Object. The purpose of this prospective study was to evaluate aqueductal cerebrospinal fluid (CSF) flow after endoscopic aqueductoplasty. In all patients, preoperative magnetic resonance (MR) imaging revealed hydrocephalus caused by aqueductal stenosis and lack of aqueductal CSF flow.
Methods. In 14 healthy volunteers and in eight patients with aqueductal stenosis who had undergone endoscopic aqueductoplasty, aqueductal CSF flow was investigated using cine cardiac-gated phase-contrast MR imaging. For qualitative evaluation of CSF flow, the authors used an in-plane phase-contrast sequence in the midsagittal plane. The MR images were displayed in a closed-loop cine format. Quantitative through-plane measurements were performed in the axial plane perpendicular to the aqueduct. Evaluation revealed no significant difference in aqueductal CSF flow between healthy volunteers and patients with regard to temporal parameters, CSF peak and mean velocities, mean flow, and stroke volume. All restored aqueducts have remained patent 7 to 31 months after surgery.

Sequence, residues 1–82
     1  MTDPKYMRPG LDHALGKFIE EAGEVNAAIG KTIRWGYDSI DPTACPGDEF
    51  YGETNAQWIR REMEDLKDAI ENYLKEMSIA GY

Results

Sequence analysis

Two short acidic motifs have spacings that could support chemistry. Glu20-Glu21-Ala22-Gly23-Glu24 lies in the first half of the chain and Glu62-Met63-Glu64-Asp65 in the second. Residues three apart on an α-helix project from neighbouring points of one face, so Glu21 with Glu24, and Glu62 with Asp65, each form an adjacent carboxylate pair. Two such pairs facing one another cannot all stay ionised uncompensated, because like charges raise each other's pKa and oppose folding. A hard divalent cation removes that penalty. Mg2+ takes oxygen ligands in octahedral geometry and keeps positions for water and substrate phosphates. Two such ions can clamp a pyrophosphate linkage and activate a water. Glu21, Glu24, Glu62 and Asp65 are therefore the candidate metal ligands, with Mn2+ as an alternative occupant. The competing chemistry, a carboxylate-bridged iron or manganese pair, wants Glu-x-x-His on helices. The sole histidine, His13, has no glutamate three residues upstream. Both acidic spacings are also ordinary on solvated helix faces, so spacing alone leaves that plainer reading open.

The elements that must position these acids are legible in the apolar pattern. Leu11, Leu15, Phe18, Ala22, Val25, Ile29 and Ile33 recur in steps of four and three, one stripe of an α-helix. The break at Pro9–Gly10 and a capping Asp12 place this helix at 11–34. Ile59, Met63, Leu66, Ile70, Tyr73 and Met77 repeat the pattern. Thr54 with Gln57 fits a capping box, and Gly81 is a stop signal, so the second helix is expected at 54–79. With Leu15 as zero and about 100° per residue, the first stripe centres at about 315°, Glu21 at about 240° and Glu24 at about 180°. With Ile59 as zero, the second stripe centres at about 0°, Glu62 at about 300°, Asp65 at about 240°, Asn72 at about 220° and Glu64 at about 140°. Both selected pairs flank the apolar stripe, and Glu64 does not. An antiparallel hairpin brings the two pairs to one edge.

Conclusions. Aqueductal CSF flow after endoscopic aqueductoplasty is similar to aqueductal CSF flow in healthy volunteers. The data indicate that endoscopic aqueductoplasty seems to restore physiological aqueductal CSF flow.